Indigenous to Northeast Africa, malty sweet-tasting teff flour is produced by milling one of the world's tiniest grains, harvested from an ancient grasslike plant. Teff's bran and germ are the most nutrient-dense parts of a whole grain and make up a large percentage of the total. Start using teff flour, and you'll benefit from an extra dose of fiber, B vitamins, calcium, and iron. It's also gluten-free and higher in protein than standard whole-wheat flour.
In the kitchen: Traditionally, teff has been associated most often with injera, a spongy fermented flatbread served at Ethiopian restaurants. However, it pairs wonderfully with a range of breakfast favorites and baked goods, including waffles, pancakes, pizza crusts, muffins, cakes, cookies, brownies, and tart crusts. It's particularly great in any recipe using cocoa powder.
Start by substituting teff flour for about 25 percent of the regular flour called for in a recipe and then experimenting from there. However, you cannot replace all of a gluten-containing flour such as whole-wheat or spelt in a recipe with a non-gluten one like teff or almond and expect good results. Gluten contributes many important properties to baked goods, such as structure and rising.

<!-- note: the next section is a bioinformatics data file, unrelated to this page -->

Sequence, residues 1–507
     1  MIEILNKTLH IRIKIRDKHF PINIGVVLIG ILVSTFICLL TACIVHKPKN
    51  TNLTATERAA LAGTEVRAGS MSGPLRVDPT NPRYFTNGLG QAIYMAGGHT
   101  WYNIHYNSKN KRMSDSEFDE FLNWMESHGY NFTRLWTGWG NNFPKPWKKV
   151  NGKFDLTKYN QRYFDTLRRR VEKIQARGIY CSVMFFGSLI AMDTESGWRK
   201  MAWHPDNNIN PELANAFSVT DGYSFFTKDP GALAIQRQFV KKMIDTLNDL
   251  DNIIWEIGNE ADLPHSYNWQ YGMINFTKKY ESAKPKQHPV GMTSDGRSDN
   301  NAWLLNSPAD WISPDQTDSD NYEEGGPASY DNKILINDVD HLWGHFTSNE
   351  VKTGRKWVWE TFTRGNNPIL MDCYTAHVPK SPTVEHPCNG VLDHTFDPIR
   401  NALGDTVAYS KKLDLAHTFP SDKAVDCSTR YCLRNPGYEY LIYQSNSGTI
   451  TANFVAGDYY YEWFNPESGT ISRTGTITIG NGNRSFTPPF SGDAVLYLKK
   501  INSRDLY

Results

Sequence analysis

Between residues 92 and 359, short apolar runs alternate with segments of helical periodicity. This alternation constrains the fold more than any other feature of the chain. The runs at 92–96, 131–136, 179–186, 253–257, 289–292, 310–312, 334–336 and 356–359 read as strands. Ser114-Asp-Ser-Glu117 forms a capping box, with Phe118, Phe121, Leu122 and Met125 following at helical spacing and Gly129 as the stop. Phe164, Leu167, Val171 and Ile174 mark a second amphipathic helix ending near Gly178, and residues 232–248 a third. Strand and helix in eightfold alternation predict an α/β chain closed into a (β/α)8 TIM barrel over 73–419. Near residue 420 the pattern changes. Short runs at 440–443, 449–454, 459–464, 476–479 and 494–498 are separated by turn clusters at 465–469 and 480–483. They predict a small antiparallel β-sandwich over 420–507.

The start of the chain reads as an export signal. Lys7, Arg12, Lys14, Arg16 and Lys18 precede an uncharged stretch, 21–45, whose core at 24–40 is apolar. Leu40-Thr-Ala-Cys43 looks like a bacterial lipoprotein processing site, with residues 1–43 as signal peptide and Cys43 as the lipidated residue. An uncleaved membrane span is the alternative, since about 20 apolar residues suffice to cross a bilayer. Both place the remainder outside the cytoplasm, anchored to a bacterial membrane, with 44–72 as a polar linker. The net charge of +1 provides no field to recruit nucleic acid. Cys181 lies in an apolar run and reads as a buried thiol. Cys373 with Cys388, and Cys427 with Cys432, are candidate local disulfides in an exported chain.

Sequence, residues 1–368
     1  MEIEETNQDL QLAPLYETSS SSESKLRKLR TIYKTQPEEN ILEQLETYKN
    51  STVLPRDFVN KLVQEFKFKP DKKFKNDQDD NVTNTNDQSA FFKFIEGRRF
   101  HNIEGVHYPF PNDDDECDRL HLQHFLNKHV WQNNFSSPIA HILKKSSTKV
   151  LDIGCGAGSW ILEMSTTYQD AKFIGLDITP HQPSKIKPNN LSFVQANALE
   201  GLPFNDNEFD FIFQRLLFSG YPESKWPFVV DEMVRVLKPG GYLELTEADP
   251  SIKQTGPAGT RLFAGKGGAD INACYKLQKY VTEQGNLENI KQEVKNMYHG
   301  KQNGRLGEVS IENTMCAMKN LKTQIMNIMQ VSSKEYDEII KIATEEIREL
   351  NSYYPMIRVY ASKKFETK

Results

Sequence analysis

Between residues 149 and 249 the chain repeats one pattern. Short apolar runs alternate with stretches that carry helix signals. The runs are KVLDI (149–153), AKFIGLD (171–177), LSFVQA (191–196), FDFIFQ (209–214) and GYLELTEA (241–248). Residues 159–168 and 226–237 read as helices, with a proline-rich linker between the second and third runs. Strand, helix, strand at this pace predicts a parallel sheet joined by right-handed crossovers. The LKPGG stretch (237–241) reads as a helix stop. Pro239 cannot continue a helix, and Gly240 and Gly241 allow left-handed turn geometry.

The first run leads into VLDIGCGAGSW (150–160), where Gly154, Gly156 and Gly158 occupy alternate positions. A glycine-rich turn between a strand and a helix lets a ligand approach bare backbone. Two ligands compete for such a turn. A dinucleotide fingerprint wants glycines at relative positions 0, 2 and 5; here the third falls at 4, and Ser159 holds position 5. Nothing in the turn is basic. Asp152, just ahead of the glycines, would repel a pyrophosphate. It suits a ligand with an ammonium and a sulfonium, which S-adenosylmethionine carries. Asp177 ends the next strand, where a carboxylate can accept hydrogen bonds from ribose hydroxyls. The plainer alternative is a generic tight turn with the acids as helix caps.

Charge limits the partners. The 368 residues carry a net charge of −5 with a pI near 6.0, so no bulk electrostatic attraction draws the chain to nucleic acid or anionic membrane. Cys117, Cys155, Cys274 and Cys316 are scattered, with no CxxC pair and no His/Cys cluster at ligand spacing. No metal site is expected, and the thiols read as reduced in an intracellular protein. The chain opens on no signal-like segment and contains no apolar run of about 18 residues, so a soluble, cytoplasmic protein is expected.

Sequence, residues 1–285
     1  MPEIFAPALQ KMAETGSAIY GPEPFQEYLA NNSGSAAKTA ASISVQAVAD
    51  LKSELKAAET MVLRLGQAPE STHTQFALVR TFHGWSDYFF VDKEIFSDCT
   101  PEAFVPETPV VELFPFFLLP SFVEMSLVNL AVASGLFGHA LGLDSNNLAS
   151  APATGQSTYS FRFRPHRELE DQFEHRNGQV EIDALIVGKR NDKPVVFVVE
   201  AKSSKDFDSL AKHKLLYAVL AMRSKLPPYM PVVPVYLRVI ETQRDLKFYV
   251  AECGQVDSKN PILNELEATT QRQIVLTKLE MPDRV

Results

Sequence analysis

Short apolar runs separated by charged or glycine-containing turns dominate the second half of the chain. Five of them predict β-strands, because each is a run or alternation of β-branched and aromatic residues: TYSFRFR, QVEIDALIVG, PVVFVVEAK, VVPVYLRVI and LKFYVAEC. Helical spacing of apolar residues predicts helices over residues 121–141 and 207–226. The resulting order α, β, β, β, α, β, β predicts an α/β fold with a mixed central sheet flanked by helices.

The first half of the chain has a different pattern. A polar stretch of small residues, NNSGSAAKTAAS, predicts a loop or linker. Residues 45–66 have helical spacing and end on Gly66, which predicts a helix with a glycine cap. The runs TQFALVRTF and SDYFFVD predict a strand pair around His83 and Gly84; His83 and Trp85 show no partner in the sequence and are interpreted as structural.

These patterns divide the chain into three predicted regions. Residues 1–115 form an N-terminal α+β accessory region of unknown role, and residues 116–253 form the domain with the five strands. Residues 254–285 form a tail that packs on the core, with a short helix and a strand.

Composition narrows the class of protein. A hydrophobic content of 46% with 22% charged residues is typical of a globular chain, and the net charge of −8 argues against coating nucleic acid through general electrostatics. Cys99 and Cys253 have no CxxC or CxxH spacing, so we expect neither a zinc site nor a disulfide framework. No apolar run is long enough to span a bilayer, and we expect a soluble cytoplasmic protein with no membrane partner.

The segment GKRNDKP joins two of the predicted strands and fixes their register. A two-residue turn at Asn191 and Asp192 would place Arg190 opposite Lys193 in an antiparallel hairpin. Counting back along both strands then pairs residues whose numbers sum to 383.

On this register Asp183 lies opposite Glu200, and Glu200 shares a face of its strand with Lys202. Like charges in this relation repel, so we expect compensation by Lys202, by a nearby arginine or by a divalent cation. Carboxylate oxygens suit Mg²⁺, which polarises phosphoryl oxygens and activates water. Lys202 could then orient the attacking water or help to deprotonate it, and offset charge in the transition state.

3. Almond Flour
Made by pulverizing whole almonds, this slightly sweet and nutty flour has a nutritional resume that puts wheat flour to shame. Most notably, there are higher levels of heart-healthy monounsaturated fats, bone-strengthening calcium, and the potent antioxidant vitamin E. And for the carb-conscious, replacing some of the regular flour in a recipe with almond flour helps you cut back.
There are two versions of almond flour available on the market: one made by finely grinding skinless blanched almonds and another produced when almonds with their skins still intact are pulverized. The former produces a finer texture that some believe brings about better results when used in baking. The latter, which is often called "almond meal" or "natural," brings about a courser ground flour for denser, more rustic results. The advantage of using unskinned almond flour is that you may benefit from the increased nutrition supplied by the skins.
In the kitchen: This nutty flour is highly versatile. You can use it in place of 25 percent of the flour in most recipes, stir it into your oats or morning yogurt, replace the breadcrumbs in meatloaf, or use it as a coating for chicken and fish.